Can you read a map?


In the old days everyone could read a map.

When I was a kid, we used to pile into the car for a long Sunday drive. (Gas was cheap!) Part of the fun was discovering roads we’d never traveled before.

We used folded paper maps to figure out where we were headed. There was always a box full of them – road maps, topographical maps, occasionally forestry or fire road maps. Most showed the effect of having been folded wrong at least once in the past!

The job of reading the map fell to one of the kids.

Today, of course, nobody reads a map.

Oh yes, we pull up maps on our phone – and then we listen to directions!

In an emergency, when phones are down and batteries are dead, you and your children may find yourselves having to take a road you’ve never traveled before. And to do that safely, you are going to want to be able to read a map.

There are a few basics to reading any map:

  • orienting your map to the points of the compass
  • understanding the scale of the map, and
  • figuring out what the various symbols mean.

Of course, you have to figure out where you are on the map in order to get started!

Give your child the chance to learn this skill!

ow much help you or your child will need to understand a map will depend on a whole host of things. Here’s a great teaching video that nearly everyone will find useful. (It includes drawing your own map you can use for your Family Evacuation Plan.)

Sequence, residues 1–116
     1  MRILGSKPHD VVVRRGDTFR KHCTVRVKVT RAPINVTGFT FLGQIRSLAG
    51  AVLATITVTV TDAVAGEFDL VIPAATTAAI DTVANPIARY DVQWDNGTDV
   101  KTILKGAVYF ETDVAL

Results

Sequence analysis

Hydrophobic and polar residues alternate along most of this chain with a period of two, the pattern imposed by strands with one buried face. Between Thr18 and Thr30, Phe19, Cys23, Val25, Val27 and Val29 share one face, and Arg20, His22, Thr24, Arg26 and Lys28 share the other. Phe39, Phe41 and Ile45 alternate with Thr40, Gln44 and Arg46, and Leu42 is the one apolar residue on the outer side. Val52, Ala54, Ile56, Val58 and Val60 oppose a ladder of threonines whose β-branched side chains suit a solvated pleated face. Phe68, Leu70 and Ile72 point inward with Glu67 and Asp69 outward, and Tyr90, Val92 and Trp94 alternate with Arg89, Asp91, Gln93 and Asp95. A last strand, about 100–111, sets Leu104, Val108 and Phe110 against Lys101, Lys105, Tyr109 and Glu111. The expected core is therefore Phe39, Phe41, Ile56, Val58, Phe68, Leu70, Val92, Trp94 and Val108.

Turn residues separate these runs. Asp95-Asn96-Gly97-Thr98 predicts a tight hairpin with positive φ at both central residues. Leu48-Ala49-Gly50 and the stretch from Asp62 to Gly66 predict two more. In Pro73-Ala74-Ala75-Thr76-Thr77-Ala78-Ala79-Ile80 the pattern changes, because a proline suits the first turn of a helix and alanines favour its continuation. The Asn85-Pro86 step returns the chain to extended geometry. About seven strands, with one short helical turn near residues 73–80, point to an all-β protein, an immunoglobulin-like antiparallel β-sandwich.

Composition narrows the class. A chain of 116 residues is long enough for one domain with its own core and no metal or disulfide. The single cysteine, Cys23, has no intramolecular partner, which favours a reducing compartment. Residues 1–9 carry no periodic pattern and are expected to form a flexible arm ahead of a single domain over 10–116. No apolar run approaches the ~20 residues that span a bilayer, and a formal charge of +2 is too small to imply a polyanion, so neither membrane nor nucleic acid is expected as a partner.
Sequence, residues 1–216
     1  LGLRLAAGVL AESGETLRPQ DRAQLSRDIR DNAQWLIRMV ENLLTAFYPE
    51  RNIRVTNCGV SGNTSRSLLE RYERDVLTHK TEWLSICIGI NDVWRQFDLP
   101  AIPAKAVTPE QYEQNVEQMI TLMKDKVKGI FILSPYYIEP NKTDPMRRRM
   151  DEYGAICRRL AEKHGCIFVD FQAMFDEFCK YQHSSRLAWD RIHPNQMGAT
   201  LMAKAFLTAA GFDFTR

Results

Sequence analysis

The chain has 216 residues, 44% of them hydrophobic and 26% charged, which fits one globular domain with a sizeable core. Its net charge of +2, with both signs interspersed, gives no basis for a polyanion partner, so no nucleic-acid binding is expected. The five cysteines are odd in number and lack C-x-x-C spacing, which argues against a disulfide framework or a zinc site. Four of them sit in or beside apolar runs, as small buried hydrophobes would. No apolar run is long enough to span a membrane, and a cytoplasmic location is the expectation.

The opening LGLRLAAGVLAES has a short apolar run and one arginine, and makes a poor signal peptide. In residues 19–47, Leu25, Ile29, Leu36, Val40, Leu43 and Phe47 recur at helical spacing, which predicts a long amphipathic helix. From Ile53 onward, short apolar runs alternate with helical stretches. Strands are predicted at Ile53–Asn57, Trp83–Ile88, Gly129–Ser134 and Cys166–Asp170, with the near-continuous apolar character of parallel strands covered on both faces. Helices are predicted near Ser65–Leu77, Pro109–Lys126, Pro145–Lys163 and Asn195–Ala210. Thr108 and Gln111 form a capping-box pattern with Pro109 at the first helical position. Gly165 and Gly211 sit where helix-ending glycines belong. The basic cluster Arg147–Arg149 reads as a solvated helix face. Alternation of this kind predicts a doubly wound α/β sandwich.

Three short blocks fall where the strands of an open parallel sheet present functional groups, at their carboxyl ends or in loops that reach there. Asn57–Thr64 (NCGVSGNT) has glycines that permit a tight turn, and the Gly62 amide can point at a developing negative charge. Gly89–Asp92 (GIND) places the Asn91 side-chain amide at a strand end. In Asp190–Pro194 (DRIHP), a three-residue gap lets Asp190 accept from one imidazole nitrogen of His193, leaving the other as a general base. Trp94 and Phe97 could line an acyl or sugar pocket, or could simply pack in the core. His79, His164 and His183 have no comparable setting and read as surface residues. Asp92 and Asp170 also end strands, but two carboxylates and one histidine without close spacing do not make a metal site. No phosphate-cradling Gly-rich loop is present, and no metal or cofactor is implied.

Plan to stop the video from time to time to discuss!

And if you want to get more deeply into the whole thing – and your kids are old enough – you may want to add one or more compasses to the exercise, to make it even more fun.

This is an official “Boy Scout” model with lanyard that would make a great, inexpensive gift to go with the map reading. (Click on the image to see details on Amazon.)

This could be a fun activity for your whole family, and give the older members a chance to show off . . .!

Your Emergency Plan Guide team

Day 8 of Summer Vacation: A time for some shorter and lighter Advisories as a welcome change-of-pace!

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